The Marcus High School Clay Target team recently won the title of State Champions in only the fifth year of the competition.
Clay targets are also called clay pigeons, relating to when live-pigeon competitions were held, especially in England. Although such competitions became illegal in 1921 in the United Kingdom, a target may still be called a “bird,” a hit may be referred to as “dead” and a missed target as a “bird away;” the machine which projects the targets is still known as a “trap.”
“The hard work and dedication it takes to win state, after just five years since inception, shows the commitment of the athletes and parents,” Assistant Coach Glen Smoot said. “Most of the athletes had never competed in this sport before participating on the Marcus Team.”
The Marcus Clay Target Team competitive shooting team was started in 2011 with 23 members and is considered a club sport at Marcus High School (MHS). The 2015-2016 team had 56 members and is part of the Youth Target Foundation (YTF), with MHS being the first team that the YTF started in Texas. The team shoots American skeet, trap and sporting clays.
Clay pigeon shooting has at least 20 different forms of regulated competition called disciplines, although most can be grouped under the main headings of trap, skeet, and sporting. The English Sporting discipline has the sport’s biggest following.
Olympic Trap is a separate discipline. A trench in front of the shooting stands conceals 15 traps arranged in five groups of three. In the Rio Olympics, competitors will compete to reach the podium in nine-men’s and six-women’s events– all individual. A supreme test of accuracy, shooting made its Olympic debut at Athens 1896, the first Games of the modern era
“Team members are first expected to be good citizens,” Smoot said. “Courteous, respectful and responsible are hallmarks of the quality members we have attracted so far. Building on those qualities, each member is instructed in safety, etiquette and the nuances of the sport.”
After satisfactorily completing the initial stages of training, each athlete is trained in the use of the appropriate firearm and the skills needed to competently and consistently break target clays.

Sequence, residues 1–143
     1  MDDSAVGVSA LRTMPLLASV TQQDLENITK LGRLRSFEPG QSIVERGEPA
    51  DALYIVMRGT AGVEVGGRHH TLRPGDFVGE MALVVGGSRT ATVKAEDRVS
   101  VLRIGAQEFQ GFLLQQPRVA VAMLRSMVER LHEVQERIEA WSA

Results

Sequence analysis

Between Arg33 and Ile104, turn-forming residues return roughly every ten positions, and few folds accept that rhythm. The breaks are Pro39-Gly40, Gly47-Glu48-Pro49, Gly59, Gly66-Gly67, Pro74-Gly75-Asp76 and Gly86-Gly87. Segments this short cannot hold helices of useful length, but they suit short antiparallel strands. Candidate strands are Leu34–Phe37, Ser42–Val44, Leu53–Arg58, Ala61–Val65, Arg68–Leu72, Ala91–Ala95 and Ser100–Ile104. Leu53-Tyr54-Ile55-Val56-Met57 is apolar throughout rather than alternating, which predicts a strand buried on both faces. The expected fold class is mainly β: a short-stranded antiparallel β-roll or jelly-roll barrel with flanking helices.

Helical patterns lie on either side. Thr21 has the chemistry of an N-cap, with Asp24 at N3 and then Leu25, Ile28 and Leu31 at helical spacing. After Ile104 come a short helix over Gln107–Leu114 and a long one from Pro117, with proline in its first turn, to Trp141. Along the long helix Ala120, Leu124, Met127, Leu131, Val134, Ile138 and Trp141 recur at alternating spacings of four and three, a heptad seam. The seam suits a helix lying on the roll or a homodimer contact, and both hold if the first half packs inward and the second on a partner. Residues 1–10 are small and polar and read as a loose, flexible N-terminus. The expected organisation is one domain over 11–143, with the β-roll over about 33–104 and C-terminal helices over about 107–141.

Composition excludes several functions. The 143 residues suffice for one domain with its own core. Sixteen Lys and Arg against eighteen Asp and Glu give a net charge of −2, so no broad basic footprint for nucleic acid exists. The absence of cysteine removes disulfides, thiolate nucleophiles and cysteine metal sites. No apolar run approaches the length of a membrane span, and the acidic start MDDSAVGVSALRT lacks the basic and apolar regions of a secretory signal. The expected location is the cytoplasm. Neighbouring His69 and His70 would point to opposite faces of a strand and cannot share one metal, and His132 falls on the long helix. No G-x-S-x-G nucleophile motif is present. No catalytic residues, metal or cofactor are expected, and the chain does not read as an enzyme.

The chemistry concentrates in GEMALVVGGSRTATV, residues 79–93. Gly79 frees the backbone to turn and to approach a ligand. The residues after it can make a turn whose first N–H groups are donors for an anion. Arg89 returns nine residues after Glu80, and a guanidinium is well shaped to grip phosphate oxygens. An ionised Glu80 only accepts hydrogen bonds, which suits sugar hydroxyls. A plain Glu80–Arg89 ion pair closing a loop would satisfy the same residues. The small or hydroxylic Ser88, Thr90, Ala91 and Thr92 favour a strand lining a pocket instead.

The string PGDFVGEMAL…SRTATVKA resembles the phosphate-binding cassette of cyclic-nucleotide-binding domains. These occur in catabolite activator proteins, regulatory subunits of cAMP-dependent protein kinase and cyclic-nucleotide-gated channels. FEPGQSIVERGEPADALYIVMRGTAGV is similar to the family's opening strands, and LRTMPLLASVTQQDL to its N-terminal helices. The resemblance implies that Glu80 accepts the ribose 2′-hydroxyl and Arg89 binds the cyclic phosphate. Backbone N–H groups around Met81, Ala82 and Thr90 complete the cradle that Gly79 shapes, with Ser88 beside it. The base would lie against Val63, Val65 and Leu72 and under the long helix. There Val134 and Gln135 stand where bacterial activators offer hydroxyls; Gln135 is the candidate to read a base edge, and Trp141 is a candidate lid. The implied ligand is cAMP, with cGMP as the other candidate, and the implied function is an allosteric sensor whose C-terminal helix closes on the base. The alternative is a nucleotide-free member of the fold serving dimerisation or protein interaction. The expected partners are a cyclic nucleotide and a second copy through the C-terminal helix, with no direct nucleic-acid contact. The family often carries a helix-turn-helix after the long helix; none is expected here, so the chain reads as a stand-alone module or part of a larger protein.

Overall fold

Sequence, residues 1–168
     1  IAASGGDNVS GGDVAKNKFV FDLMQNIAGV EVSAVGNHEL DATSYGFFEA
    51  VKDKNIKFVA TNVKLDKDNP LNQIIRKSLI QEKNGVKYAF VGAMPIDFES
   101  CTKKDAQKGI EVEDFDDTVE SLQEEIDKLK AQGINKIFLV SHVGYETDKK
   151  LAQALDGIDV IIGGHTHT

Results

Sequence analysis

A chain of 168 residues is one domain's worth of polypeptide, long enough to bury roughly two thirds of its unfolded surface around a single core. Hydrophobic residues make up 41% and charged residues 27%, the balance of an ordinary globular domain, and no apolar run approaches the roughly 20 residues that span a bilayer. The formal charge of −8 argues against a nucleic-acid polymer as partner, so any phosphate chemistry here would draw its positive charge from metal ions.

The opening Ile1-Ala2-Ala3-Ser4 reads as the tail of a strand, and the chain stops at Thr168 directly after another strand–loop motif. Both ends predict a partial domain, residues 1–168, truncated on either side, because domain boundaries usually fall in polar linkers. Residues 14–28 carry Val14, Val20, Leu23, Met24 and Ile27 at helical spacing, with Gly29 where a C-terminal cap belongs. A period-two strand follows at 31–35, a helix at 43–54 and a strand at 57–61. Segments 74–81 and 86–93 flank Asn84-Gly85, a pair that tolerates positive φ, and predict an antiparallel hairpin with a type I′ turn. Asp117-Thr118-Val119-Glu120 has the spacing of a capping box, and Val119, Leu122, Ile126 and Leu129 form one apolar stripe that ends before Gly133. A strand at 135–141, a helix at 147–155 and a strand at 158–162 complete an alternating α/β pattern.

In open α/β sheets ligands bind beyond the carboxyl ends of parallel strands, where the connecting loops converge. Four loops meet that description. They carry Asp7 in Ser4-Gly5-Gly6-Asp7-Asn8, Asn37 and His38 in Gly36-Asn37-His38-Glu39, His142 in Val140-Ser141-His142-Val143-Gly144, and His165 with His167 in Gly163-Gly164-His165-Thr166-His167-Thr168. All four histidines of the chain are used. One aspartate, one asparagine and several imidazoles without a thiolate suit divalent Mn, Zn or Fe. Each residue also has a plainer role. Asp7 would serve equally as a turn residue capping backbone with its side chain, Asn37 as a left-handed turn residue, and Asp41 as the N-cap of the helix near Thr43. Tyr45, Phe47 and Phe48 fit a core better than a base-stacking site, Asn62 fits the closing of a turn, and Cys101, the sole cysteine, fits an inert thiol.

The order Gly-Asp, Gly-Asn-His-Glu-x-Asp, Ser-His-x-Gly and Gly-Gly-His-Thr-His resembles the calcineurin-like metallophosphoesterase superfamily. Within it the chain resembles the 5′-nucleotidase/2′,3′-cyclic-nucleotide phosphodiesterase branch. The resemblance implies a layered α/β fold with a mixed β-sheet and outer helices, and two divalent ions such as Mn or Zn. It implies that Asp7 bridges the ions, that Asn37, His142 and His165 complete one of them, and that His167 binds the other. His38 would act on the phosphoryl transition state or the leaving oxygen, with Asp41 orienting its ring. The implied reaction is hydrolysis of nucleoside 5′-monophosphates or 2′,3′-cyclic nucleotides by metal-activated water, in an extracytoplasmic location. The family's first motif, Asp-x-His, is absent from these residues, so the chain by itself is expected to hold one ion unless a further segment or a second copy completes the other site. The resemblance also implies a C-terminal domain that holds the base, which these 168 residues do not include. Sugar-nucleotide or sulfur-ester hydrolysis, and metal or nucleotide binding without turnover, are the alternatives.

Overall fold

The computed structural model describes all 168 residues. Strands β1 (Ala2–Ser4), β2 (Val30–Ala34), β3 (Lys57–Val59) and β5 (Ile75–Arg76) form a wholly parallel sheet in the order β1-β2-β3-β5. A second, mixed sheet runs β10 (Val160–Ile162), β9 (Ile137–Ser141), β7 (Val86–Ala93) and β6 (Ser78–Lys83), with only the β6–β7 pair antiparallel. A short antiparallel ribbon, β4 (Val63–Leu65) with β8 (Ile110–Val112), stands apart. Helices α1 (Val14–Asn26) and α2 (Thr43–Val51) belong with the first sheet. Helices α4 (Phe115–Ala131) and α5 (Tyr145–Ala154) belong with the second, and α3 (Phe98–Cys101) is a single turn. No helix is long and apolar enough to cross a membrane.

“Most athletes reach a minimum level of competency relatively quickly and continue through drill and practice to build their skills and scores to competitive levels.”
Smoot said that clay shooting has become one of the fastest growing sports in Texas, with now more than 2,000 competitors on over 150 teams throughout the state.
One such competitor is Smoot’s son, Caleb, who said he joined the team at Marcus because he wanted a chance to compete.
“At a 6A school of over 3,000 students, it is common for kids to find that they are sitting on the bench a lot more than they expected to,” Caleb Smoot said. “On the Marcus Clay Target team, everyone gets to participate and compete as much as they want to and you make very strong friendships with the others on the team.”
Caleb, 18, said that winning a state championship is unlike anything he has ever experienced.
“The state title feels like the crowning achievement in what has been four hard years of work, thousands of miles driven and shells spent,” Caleb said. “I felt like we weren’t just winning for ourselves, but everyone who had helped us along the way.”
Caleb is also an Eagle Scout who is headed to Texas A&M University in the fall where he plans to compete on the shooting team.
Visit www.marcusclaytarget.com for more information on the Marcus High School Clay Target Team.